‘Connor writes with great flair . . . it is nice to dip in and out of his entertaining essays’ Don Manley, Church Times
‘It is the relationship between setter and solver, between words and fun which provides the narrative thrust for Two Girls, One on Each Knee … ‘The experience of reading this book’, Connor says in the preamble, ‘should be equivalent to that of solving a cryptic puzzle…’ In fact it is rather better; it does not demand as much of the reader as a good puzzle does of the solver, but it delivers far more of its own accord. It is witty, charming, encyclopaedic and highly readable – and it can be read in any order. Take a chapter or a paragraph, a puzzle or a clue. In each the reader will find something to intrigue and delight‘ Sandy Balfour, Spectator
‘A wonderful little book that looks at the fascinating, often baffling world of the cryptic crossword. What connects Bletchley Park and the Daily Telegraph? And why should you always start in the bottom right-hand corner? Most of all, it’s a celebration of language‘ Jon Stock, Daily Telegraph
‘Delightful . . .
Verdict: Top rating for odd number of celebrities (4,5)’ Brandon Robshaw, Independent on Sunday
‘A joyous paean to the history of puzzlement and an essential guide‘ PD Smith, The Guardian
‘Delightful celebration of crosswords’ The Observer
‘A glorious guide that explains the history and universal appeal of the crossword’ Sunday Times, 100 Best Books for the Beach
My book to mark the centenary of the crossword is published today by Penguin. Here it is…
…in Kew Bookshop.
From the blurb:
• How have crosswords helped international relations, caused a strike by welders, become embroiled with espionage and even caused a moral panic?
• What have Frank Sinatra, P. G. Wodehouse and Stephen Sondheim got to do with the humble grid?
• What connects Bletchley Park and the Daily Telegraph?
• Which famous fan starts each day with the Telegraph crossword and kippers?
On 21 December 2013, the crossword puzzle will be 100 years old. In the century since its birth, it has evolved into the world’s most popular intellectual pastime. In Two Girls, One on Each Knee, Alan Connor celebrates the wit, ingenuity and frustration of this addictive sport and how it has grown.
The story of the crossword takes us from the beaches of D-Day to the banks of the river Neva, via Fleet Street and the Old Bailey. It involves the most fiendish setters, such as Torquemada and Ximenes; famous fans (both real and imaginary) from P. G. Wodehouse to Frank Sinatra, Inspector Morse to Reggie Perrin. You’ll discover how crosswords have featured in films such as Brief Encounter and songs by Madness and Ian Dury; how they intersect with espionage, jokes, class and morality; and how they reflect back how our language and behaviour has changed over the last century. You’ll also discover how listening to white noise can help you do a crossword, why you should start in the bottom right-hand corner, and why cryptic crosswords are actually easier than quick (honestly).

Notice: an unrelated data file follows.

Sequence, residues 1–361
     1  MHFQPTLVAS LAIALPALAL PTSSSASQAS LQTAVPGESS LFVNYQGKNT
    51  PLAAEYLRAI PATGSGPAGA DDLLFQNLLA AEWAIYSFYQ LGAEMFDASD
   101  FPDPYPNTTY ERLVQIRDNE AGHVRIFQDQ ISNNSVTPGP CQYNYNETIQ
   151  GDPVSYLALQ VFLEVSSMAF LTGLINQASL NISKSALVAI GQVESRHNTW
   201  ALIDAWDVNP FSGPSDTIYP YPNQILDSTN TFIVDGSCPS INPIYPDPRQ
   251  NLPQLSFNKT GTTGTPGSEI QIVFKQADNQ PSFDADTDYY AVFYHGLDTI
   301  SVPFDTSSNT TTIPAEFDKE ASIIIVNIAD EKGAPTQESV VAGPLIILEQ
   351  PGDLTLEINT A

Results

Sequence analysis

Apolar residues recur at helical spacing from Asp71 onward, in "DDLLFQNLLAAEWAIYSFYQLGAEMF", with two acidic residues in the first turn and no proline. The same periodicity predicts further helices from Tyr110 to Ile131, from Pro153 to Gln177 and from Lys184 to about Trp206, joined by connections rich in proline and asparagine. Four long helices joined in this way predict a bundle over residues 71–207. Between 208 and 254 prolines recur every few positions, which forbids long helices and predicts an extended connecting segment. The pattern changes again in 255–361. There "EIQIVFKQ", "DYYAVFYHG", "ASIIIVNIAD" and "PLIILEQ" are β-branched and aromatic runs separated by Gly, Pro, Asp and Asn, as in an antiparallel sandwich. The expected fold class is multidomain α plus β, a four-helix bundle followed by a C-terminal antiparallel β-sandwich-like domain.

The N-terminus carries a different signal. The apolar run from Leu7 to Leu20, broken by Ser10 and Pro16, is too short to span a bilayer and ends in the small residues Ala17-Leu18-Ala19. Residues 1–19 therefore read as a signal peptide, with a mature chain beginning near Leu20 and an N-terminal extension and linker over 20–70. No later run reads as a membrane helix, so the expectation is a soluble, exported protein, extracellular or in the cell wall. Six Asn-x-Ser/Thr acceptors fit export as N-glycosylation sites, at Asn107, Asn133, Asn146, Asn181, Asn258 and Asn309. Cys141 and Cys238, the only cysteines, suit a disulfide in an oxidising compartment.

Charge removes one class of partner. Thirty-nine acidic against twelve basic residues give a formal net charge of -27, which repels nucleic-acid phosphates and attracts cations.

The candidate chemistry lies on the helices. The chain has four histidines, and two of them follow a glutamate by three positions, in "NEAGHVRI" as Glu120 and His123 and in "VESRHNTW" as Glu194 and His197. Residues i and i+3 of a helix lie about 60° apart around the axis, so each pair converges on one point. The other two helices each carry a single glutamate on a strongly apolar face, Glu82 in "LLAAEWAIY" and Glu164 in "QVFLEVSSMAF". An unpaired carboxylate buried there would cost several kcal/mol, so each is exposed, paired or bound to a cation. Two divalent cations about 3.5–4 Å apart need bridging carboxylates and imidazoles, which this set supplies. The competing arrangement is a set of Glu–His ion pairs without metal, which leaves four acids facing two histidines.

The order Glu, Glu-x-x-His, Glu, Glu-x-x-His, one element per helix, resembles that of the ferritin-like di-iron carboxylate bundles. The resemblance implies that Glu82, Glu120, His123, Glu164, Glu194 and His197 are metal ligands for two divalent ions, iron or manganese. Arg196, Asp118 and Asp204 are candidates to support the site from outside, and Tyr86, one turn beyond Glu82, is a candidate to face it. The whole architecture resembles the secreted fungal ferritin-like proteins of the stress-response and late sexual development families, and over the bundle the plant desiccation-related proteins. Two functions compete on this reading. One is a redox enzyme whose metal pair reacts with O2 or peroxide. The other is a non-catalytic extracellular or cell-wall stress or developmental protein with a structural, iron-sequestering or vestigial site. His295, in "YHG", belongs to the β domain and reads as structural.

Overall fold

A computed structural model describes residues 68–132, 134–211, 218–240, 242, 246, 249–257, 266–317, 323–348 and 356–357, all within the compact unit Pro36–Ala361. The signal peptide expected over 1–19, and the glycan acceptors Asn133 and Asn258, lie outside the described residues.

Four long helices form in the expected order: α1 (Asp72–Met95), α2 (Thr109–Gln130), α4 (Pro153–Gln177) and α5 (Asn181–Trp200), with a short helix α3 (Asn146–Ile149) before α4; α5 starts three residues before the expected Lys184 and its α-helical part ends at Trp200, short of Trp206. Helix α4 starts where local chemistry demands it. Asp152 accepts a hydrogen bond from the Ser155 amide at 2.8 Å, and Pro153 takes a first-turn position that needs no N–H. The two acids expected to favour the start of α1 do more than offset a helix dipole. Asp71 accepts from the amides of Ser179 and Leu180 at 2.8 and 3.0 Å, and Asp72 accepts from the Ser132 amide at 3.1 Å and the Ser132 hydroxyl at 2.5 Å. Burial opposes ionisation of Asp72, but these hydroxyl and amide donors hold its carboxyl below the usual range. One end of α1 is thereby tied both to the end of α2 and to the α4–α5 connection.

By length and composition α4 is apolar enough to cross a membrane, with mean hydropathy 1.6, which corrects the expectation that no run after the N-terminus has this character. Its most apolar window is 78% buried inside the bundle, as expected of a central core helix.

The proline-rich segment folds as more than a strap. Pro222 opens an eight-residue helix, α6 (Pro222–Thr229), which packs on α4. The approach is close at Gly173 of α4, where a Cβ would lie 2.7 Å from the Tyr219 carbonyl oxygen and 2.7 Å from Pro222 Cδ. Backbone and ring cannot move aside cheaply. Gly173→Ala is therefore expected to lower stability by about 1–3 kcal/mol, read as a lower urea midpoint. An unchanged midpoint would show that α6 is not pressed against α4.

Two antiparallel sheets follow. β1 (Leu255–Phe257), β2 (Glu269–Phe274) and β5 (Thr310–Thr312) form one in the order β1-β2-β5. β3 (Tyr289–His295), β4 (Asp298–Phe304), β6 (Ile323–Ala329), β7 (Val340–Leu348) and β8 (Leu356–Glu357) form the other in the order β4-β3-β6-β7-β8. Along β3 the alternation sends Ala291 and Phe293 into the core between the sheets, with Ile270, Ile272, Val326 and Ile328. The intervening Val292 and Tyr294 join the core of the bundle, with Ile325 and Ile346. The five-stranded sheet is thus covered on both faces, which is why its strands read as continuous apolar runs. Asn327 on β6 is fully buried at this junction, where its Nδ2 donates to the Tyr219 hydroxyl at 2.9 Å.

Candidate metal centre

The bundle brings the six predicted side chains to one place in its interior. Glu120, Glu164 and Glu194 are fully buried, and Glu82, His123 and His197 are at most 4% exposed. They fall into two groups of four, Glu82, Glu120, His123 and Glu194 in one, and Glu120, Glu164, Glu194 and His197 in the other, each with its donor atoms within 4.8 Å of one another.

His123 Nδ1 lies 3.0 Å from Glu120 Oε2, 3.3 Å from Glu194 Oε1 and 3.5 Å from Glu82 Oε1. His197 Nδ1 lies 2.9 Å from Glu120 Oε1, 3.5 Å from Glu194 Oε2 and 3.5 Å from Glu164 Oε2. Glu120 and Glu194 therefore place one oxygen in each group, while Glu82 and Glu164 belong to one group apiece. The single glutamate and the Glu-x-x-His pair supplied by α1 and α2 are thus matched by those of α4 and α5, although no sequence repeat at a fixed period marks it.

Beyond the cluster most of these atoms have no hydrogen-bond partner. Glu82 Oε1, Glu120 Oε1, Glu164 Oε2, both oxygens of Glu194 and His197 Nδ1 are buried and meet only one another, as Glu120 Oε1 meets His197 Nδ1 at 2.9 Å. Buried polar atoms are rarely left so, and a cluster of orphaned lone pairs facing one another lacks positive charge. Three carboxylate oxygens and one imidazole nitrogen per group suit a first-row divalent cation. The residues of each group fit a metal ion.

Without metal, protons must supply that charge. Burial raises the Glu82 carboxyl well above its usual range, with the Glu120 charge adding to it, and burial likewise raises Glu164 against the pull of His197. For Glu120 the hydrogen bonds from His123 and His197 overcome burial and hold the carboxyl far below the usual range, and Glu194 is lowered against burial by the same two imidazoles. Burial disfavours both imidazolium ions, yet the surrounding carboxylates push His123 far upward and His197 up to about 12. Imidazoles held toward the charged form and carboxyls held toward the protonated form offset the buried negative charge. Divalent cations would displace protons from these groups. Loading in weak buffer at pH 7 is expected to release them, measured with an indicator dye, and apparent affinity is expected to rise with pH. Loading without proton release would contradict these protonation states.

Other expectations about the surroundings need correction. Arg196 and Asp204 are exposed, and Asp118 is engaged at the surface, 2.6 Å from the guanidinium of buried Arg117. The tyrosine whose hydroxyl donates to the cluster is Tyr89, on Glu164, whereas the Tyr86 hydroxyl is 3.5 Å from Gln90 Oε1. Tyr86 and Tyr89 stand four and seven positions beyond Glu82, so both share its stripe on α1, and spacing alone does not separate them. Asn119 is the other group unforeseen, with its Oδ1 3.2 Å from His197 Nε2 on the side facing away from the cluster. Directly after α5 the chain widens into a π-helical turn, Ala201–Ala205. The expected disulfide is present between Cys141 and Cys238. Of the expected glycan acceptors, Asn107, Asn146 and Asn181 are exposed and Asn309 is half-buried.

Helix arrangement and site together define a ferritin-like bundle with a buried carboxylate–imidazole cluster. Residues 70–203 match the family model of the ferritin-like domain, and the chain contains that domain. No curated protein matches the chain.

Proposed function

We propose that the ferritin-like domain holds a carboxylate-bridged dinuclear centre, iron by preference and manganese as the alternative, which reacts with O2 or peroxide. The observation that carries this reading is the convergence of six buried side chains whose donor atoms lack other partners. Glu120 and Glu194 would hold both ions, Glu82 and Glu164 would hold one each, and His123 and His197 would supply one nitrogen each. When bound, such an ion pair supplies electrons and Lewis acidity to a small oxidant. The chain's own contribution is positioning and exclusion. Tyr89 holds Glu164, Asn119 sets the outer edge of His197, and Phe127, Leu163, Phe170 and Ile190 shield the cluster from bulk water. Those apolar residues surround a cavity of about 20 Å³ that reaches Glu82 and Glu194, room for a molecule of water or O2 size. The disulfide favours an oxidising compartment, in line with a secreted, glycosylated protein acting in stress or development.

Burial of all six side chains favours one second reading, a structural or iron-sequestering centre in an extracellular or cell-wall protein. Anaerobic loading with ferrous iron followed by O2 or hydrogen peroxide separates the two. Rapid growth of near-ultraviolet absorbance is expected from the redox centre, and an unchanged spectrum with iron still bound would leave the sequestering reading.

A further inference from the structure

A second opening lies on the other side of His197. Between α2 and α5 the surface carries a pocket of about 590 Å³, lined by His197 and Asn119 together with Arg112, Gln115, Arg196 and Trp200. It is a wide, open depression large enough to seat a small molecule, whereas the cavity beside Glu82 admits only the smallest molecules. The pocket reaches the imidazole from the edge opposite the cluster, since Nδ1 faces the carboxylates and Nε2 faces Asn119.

This is a book about language and how it speaks to itself, twisting and transforming through cryptic clues before resolving itself, with a bit of luck, into an answer. Where else would you find words such as Intussuscept, Obtemperate, Zibet and Raisiny?
My book about the crossword, Two Girls, One On Each Knee (7), has a publication date of 7 November 2013.
“Others suggest [that] those of us hooked on crosswords might want to justify the time passed by pointing to the large vocabulary we’ve amassed â€“ or, perhaps, to our pleonasm, to our Brobdingnagian prolixity. Well, boo-poo to that. (I admit I enjoyed learning the word ‘pleach’ from last Tuesday’s Times, but it may be many years until I get to use it in a sentence near a hedge.)”
It’ll be a mixture of the week’s best and funniest clues, tips for n00bs and features on awesome stuff like when crosswords feature in programmes like Rubicon and The Hour.
- Topics [ongoing update]: Bletchley Park; Is cheating cheating?; The Ten Commandments of cryptic ethics; Which newspaper is most crossword-friendly?; American vs British crosswords; Where do you solve?;Â Times Crossword Championship;Â Meet Anne R Bradford; the 1920s crossword moral panic; what I’ve learned from cryptics
- Meet the Setter [ditto]: Paul; Enigmatist; Anax; Tramp; Boatman
- For beginners [ditto]: Hidden answers; double definitions; soundalikes
- What does each letter mean?Â [ditto]:Â A
- Best clues [ditto]: Meta, Morse and Arsenal; Lord Sugar, Rupert Murdoch and the flesh lance;Â gamesmanship, ice cream and haiku; Elton John, hidden Damons and Moses; Smiley and Nixon; Ed Balls, Ed Miliband and David Cameron; Blur v Oasis; chess and the Tube; booze clues;Â e-ologisms;Â should themes be announced?;Â loos in clues;Â the ‘scrambled eggs’ chestnut;Â Occupy London Stock Exchange; new words in Chambers; Romeo and Juliet and Ant and Dec; booze and Dylan Thomas; ErdÅ‘s-Bacon numbers; Yule clues; cryptic Dickens
- Photo is of Guardian 25,402 by Puck. The only answer I’ve put in is wrong. “A day in dopey stupor, endlessly like t-h-i-s? (6,3)” should give SPACED OUT, not SPREAD OUT as I thought. This bodes ill.
- In 2009, I explained to foreigners why some British families do a jumbo crossword at Christmas.